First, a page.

CHARLOTTE, N.C. – Had the media known things were going to turn out this way, they may have made a bigger deal out of Tiger Woods’ decision to sidestep his traditional pre-tournament press conference.
But it’s too late for that now following Woods’ tie for 76th at even par, a stroke adrift on the wrong side of the cut.
On the rare occasions in the past when Woods’ name has been associated with the cut, it was in relation to the 10-shot rule at some events – as in, if I can just get within 10 shots of Woods (the lead), I’ll be fine.
But even that truth has succumbed to the new reality.
On Friday at Quail Hollow, Woods fought his swing and his putter, finished 11 strokes behind playing partner Webb Simpson and suffered the ultimate indignity of having his golf ball pilfered on his 14th hole.
It marked Woods’ second consecutive missed cut at the Wells Fargo Championship and the first time in his professional career he’s missed more than one cut in a PGA Tour event.
For the record, Woods said his Wells Fargo woes can be attributed to his play on Quail Hollow’s par 5s, which he rounded in 2 under. But that’s the “what,” not the “why.”
Much will be made of Woods’ free drop at the fifth hole, the aftermath of a circus-like atmosphere that featured a fan pocketing his golf ball.
“Think about me telling (Woods) he’s got to go back (to where he hit his second shot on the par 5) based on the evidence,” said Tour official Mark Russell, who made the ruling on the fifth hole. “Then I think it would be the other way around. You guys would be telling me, ‘Have you lost your mind?’”
Even those paired with Woods agreed. “It got picked up by a fan for sure,” Geoff Ogilvy said. “Don’t think there was any doubt.”
But Woods’ quick work week isn’t about a lost ball so much as it is lost confidence.
Amid cries of “he’s back” following his Bay Hill breakthrough earlier this year swing coach Sean Foley offered a cautionary comment, “We’re only 50 percent (to where he wants Woods’ swing to be).”
For two hot and humid days in North Carolina, Woods looked halfway home, hitting just 6 of 14 fairways, 14 of 18 greens in regulation and needing 33 putts.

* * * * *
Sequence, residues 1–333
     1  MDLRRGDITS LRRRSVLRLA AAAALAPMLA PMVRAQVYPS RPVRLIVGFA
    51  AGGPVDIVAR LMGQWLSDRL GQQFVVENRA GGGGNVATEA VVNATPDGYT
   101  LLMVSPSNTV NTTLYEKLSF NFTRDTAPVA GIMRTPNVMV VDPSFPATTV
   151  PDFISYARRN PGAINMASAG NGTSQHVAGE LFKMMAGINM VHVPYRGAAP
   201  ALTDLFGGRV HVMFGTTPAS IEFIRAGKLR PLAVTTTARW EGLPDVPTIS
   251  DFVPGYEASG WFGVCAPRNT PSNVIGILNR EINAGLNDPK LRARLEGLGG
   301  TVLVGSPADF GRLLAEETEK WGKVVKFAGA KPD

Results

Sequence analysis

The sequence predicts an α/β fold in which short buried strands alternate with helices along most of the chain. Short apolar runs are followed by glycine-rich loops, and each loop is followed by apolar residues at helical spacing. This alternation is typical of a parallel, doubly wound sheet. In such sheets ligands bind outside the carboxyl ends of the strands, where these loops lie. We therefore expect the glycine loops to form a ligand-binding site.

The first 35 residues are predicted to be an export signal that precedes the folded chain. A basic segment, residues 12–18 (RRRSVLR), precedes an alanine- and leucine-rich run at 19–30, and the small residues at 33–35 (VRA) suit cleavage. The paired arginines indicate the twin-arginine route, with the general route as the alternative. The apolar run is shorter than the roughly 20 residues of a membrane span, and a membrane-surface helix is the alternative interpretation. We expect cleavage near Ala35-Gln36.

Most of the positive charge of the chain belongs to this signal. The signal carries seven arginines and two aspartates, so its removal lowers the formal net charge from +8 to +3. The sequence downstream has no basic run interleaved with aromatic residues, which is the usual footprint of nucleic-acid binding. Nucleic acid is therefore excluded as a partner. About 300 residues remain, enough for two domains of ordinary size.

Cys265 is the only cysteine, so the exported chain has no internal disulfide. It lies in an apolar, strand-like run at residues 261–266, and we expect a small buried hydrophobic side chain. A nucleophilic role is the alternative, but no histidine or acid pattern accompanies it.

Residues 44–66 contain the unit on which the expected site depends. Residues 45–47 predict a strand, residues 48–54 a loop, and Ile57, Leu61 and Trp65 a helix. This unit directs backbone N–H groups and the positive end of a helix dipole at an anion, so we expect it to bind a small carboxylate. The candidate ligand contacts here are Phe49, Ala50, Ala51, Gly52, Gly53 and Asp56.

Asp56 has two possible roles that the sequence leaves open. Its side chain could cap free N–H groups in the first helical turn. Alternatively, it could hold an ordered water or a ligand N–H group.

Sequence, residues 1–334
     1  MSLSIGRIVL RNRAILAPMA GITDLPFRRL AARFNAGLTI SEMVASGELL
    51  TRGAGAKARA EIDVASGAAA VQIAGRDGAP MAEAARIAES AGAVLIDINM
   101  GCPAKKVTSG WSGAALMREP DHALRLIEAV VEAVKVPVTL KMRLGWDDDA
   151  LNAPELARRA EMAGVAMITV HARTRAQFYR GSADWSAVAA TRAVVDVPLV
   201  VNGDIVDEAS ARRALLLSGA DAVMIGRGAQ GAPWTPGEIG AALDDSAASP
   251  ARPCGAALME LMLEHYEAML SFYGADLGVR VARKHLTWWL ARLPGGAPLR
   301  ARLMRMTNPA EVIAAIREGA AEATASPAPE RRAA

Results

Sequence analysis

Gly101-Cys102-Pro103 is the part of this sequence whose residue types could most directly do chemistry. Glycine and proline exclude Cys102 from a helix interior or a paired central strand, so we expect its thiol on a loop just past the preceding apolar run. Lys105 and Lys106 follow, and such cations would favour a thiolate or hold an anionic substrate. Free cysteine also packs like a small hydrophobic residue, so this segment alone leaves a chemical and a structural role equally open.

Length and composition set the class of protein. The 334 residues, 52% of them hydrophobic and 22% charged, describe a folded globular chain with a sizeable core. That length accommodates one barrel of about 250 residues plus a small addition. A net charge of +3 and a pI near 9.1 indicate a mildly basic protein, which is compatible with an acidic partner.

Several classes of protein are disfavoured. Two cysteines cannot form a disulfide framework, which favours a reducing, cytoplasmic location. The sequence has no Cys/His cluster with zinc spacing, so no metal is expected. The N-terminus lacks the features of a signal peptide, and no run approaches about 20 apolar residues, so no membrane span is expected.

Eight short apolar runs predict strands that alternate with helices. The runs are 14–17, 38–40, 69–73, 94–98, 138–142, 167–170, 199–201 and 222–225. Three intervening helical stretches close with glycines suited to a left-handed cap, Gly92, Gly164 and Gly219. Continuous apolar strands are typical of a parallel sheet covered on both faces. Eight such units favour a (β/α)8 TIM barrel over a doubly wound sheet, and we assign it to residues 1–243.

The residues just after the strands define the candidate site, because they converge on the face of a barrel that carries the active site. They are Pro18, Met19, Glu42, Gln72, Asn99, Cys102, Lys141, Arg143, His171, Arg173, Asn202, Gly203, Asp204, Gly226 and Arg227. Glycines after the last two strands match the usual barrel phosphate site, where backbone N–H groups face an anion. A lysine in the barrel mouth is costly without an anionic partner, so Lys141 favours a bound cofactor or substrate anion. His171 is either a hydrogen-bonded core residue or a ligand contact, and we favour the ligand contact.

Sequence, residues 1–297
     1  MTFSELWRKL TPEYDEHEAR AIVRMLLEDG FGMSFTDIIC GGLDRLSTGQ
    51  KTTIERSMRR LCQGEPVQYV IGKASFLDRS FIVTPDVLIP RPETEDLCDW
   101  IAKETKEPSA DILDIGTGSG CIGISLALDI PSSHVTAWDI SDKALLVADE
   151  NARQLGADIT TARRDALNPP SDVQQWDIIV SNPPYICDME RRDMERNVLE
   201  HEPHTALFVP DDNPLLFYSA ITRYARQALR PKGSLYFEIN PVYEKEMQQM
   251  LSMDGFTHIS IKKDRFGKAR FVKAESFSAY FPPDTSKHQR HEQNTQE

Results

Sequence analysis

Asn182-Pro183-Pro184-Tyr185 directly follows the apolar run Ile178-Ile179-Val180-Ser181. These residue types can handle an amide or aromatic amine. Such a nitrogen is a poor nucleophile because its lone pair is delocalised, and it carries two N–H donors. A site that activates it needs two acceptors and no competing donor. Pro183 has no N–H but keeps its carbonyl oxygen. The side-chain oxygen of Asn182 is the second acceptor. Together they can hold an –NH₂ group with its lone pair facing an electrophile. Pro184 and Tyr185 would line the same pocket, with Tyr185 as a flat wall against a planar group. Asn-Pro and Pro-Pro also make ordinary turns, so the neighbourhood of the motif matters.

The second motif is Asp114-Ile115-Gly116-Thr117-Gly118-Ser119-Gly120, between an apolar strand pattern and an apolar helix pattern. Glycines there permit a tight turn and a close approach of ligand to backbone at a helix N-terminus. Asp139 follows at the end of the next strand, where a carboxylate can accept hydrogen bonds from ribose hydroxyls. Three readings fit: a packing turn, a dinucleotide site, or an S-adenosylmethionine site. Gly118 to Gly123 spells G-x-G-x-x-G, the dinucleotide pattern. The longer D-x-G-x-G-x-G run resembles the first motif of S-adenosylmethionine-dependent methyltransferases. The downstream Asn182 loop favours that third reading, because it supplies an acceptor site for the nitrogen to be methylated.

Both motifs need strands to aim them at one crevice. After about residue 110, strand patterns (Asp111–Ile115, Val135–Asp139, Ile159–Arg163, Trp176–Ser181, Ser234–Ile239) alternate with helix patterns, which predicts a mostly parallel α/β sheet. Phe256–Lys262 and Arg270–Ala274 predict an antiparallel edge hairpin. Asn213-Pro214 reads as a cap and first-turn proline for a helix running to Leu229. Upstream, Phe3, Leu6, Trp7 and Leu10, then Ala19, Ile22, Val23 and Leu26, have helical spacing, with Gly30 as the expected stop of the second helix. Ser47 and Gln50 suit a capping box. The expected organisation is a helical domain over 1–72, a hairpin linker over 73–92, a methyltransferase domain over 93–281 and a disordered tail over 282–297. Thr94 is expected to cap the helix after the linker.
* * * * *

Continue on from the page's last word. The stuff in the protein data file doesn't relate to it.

“It all has to do with my setup,” Woods said. “If I get over the golf ball and I feel uncomfortable, I hit it great. It's just that I get out there and I want to get comfortable, and I follow my old stuff, and I hit it awful. All the shots I got uncomfortable on, I just said, ‘I'm going to get really uncomfortable and make it feel as bad as it possibly could,’ I striped it.’”
It’s a concept Foley alluded to earlier this week when he told your correspondent that, like his other students, it takes constant reinforcement to groove a new action.
“He can be like, ‘I feel good now (over the ball).’ And I can (pushing motion to the chest) and he’s like, ‘Whoa.’” Foley said. “That’s the thing that changes.”
At Augusta National – where Woods finished tied for 40th, his worst showing at the Masters as a professional – the problem was alignment and posture and it stands to reason that it was similar suspects at Quail Hollow. That he explained the phenomenon as needing to feel “uncomfortable,” however, is strange new territory, but not entirely unexpected.
Any change, particularly one as dramatic as what Woods embarked on with Foley, is difficult and that it would manifest itself under pressure is also predictable. Following his 1-over 73 on Day 2 Woods offered a familiar warning for the drumbeat of doubt that has followed Bay Hill.
“If you think about it, with Butch (Harmon) it took me two years, and with Hank (Haney), it took me almost two years before old patterns are out,” said Woods, who began working with Foley before the 2010 PGA Championship. “It takes time to get rid of old patterns. It takes hundreds of thousands, if not millions of golf balls, but eventually it comes around. I've had my share of successes, and I know it's coming.”
Whether Woods has embarked on the correct path is for history to decide because golf eschews instant analysis. But Woods did get one thing right on Friday; it is becoming uncomfortable, on and off the golf course.